NOV 26, 2023 12:46 PM PST

Dangerous Heat: World Exceeds 2ºC Warming, May go to 2.9ºC This Century

WRITTEN BY: Carmen Leitch

On Friday, November 17, 2023, Earth's global average temperature was 2°Celsius (C) above pre-industrial levels, for the first time, according to data confirmed by the European Union’s Copernicus Climate Change Service. Pre-industrial years are considered to be from 1850 to 1900. The past eight years have been the hottest on record and 2023 is likely to be the hottest ever recorded. Some researchers have begun to argue that the pace of climate change is also accelerating, in part due to feedback loops that are amplifying, and the impacts are getting worse.

Image credit: Pixabay

Extreme weather events have been a major problem for many years now, and 2023 was no exception. Flooding, drought, wildfires, and heat extremes are expected to get worse.

Air temperature anomaly graph by Copernicus - CC4.0

The global temperature, on average, is now about 1.2ºC warmer than pre-industrial levels. “While exceeding the 2°C threshold for a number of days does not mean that we have breached the Paris Agreement targets, the more often that we exceed this threshold, the more serious the cumulative effects of these breaches will become,” said Copernicus Climate Change Service (C3S) Director Carlo Buontempo.

This year has been exceptional; since January 2023, global average temperatures highest in records dating to 1940, and are 1.43ºC above the pre-industrial average. 

The UN Environment Program has released its annual Emissions Gap report, which has highlighted the failure of the world to respond to global warming so far. The report is sounding the alarm that we could reach 2.5ºC to 2.9ºC of warming this century, which would be catastrophic for our world.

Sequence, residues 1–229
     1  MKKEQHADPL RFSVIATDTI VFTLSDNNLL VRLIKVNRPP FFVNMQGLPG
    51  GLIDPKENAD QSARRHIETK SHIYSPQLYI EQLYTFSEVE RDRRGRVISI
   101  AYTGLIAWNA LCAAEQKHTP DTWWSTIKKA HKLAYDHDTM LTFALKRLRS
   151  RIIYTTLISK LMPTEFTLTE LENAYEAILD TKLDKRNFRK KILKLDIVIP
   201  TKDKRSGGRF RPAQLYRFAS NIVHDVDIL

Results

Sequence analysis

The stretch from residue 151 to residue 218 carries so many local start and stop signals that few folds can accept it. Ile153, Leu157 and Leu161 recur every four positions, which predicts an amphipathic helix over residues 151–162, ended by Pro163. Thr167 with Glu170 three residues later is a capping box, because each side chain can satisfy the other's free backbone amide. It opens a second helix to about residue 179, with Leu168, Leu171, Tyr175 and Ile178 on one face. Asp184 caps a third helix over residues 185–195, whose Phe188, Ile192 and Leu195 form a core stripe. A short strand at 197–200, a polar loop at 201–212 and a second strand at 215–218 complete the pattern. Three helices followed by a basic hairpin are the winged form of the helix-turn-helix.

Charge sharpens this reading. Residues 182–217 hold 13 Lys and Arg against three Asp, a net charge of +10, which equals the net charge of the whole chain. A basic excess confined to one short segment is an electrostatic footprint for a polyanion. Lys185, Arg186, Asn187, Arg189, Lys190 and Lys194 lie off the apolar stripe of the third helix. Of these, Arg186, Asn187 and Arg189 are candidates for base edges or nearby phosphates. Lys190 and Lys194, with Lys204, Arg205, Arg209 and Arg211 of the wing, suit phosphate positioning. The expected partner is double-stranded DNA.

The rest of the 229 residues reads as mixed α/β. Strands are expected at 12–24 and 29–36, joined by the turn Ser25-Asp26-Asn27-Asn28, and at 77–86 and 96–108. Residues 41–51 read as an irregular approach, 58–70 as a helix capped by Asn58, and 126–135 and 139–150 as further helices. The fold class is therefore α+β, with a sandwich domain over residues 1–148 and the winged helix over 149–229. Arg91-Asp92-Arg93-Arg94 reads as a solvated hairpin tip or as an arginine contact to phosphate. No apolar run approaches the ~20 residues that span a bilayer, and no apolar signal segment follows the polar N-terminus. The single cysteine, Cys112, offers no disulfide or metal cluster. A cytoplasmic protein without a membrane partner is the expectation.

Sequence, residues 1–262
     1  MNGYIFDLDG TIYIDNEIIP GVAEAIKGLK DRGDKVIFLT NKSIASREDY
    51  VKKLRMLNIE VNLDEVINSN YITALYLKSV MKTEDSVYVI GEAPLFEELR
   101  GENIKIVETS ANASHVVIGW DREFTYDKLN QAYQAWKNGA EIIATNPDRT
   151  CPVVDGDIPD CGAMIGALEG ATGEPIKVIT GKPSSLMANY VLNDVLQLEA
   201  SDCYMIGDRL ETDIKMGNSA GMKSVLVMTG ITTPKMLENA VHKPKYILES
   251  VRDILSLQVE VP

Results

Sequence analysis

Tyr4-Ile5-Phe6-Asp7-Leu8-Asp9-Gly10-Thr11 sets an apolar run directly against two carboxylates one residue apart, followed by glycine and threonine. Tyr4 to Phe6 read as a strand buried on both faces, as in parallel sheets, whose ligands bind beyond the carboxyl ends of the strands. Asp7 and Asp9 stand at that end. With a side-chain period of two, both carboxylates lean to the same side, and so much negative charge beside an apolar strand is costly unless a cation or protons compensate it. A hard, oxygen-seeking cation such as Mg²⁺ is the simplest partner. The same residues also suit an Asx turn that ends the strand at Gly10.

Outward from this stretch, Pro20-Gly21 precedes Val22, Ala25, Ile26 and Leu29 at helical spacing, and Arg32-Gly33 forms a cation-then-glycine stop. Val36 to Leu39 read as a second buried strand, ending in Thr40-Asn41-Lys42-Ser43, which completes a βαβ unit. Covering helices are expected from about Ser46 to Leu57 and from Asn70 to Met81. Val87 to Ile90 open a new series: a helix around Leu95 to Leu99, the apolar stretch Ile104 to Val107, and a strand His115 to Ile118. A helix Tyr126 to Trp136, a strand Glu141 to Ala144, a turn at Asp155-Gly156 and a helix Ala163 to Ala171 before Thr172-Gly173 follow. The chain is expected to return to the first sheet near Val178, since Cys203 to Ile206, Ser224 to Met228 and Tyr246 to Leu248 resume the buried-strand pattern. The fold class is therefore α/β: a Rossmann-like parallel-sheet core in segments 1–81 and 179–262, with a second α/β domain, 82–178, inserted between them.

"The world is witnessing a disturbing acceleration in the number, speed and scale of broken climate records," noted the report.

World leaders are about to gather at COP28 to take stock of the issue, and Buontempo said that, "the time for definitive action to tackle climate change is now.”

To put it starkly, all of this heat is already killing people, and more deaths will follow. Another recent study reported in The Lancet Regional Health—Europe has estimated that excessive heat in Europe during the 2022 summer may have led to the deaths of 70,000 people. Although people were known to have died because of excessive temperatures that summer, this research has revised earlier estimates upwards.

Experts are still stressing that everything possible has to be done to reduce the release of rate at which greenhouse gases are being released into the atmosphere, immediately. The United Nation's Intergovernmental Panel on Climate Change  (IPCC) has recently noted that the cost of a variety of low-emission technologies, like solar cells, wind power, and lithium ion batteries, has fallen dramatically in recent years. Policies aimed at mitigation have also improved, but more work must be done to limit warming.

Sources: Copernicus Climate Change Service, IPCC, Lancet Regional Health--Europe

About the Author
Bachelor's (BA/BS/Other)
Experienced research scientist and technical expert with authorships on over 30 peer-reviewed publications, traveler to over 70 countries, published photographer and internationally-exhibited painter, volunteer trained in disaster-response, CPR and DV counseling.
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